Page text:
Yovani Gallardo tossed eight scoreless innings to become baseball’s fourth seven-game winner as the Brewers beat the Giants 6-0 on Sunday.
Gallardo, who opened the season with a 6.10 ERA in seven starts, joined Jon Lester, Kevin Correia and Cole Hamels at seven victories. He’s 5-0 with a 1.29 ERA in his last five outings.
With Gallardo had 109 pitches, manager Ron Roenicke declined to let him go for his second shutout of the season. LaTroy Hawkins finished up with a scoreless ninth.
The Giants have been shut out twice and scored a total of seven runs while losing three out of four games since Buster Posey suffered a season-ending ankle injury. They gave Brandon Belt his first start today, and he went 1-for-3 while batting sixth. All six of the team’s hits were singles.
Rickie Weeks and Ryan Braun both had three hits as the Brewers won for the eighth time in nine games to improve to 29-24 on the season.
The Yankees fell behind early to the Orioles on Sunday afternoon, a day after dropping both ends of Saturday’s doubleheader. Their game, as did every other game on Sunday with the exception of the Braves-Cardinals doubleheader, started at 3:05 or 3:10 EDT, a change Major League Baseball recently made to create fairness on the final day of the season.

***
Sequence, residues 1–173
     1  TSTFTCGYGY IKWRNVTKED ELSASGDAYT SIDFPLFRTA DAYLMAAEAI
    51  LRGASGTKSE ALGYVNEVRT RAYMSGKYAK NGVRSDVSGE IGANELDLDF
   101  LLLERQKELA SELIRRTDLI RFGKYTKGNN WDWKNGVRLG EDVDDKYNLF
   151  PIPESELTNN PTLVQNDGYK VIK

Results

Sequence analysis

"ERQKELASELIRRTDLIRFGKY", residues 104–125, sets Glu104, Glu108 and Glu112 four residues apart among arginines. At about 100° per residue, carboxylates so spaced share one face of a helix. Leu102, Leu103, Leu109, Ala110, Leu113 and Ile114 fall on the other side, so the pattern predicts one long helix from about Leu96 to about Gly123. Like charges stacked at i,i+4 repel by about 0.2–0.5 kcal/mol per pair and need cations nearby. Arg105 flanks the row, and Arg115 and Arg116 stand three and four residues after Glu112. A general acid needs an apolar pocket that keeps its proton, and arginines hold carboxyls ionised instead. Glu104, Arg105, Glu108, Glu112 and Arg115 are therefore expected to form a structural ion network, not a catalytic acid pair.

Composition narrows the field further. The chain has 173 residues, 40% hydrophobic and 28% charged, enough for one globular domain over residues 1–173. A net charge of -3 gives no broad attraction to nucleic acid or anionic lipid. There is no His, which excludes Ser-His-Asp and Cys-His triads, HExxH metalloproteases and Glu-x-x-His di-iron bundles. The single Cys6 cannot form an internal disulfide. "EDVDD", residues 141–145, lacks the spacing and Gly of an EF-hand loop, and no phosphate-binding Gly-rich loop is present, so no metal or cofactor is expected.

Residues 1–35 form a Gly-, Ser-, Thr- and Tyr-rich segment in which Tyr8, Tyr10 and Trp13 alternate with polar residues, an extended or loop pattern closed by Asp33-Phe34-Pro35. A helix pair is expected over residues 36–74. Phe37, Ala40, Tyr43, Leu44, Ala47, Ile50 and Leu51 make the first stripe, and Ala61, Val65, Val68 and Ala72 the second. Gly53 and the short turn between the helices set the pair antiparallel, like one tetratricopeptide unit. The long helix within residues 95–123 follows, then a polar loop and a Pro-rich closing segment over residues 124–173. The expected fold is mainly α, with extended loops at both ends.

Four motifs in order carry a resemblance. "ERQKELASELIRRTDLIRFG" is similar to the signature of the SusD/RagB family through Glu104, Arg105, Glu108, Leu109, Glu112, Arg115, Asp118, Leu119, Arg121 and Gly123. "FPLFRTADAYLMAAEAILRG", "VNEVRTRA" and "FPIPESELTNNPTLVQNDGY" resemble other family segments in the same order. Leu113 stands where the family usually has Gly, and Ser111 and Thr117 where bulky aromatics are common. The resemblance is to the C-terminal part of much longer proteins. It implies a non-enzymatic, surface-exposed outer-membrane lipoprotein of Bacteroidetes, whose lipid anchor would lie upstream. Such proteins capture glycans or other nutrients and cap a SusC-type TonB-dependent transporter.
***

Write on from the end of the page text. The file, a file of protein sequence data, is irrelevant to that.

Girardi is not a fan. Per the Associated Press:
It was cloudy at Camden Yards at 3:05 p.m., but late-afternoon games often make it difficult for batters to see pitches.
Girardi said, “Here’s the thing that bothers me: If it’s a sunny day you’re playing in shadows.”
He added, “If it’s the most important game of the year to get in, I don’t think that’s right.”
Understanding the idea is for every team to play at the same time, Girardi said, “Then play all night games.”
One wonders if MLB had scheduled Sunday’s slate of games for the night, if Girardi would have instead complained about batters losing fly balls in the stadium lights. Furthermore, both teams have to play in the same conditions.
Marlins outfielder Ichiro Suzuki was given an opportunity to play a new position in Sunday’s series finale against the Phillies. After the Phillies rallied to take a 6-2 lead in the seventh, the Marlins let Suzuki take the hill in the eighth. And, in news that surprises no one, he was impressive.
Though Suzuki gave up a run on two hits, he flashed a fastball that hit the mid-80’s and a breaking ball with some bite.
Suzuki, who turns 42 years old later this month, is 65 hits of 3,000 in his major league career. The Marlins are interested in bringing him back in 2016.